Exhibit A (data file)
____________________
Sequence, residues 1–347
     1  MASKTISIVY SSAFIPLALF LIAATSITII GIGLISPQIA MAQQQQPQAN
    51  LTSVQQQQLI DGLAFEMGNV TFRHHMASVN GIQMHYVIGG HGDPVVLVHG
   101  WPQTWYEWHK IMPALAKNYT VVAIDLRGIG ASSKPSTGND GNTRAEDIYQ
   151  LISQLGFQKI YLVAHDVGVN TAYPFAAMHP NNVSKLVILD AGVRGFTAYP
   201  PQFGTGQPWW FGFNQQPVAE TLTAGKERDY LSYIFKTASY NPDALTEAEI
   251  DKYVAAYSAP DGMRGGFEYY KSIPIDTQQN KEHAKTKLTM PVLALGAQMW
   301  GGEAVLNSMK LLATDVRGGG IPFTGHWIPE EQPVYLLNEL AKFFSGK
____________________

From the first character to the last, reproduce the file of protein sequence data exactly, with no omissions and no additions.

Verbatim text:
Sequence, residues 1–347
     1  MASKTISIVY SSAFIPLALF LIAATSITII GIGLISPQIA MAQQQQPQAN
    51  LTSVQQQQLI DGLAFEMGNV TFRHHMASVN GIQMHYVIGG HGDPVVLVHG
   101  WPQTWYEWHK IMPALAKNYT VVAIDLRGIG ASSKPSTGND GNTRAEDIYQ
   151  LISQLGFQKI YLVAHDVGVN TAYPFAAMHP NNVSKLVILD AGVRGFTAYP
   201  PQFGTGQPWW FGFNQQPVAE TLTAGKERDY LSYIFKTASY NPDALTEAEI
   251  DKYVAAYSAP DGMRGGFEYY KSIPIDTQQN KEHAKTKLTM PVLALGAQMW
   301  GGEAVLNSMK LLATDVRGGG IPFTGHWIPE EQPVYLLNEL AKFFSGK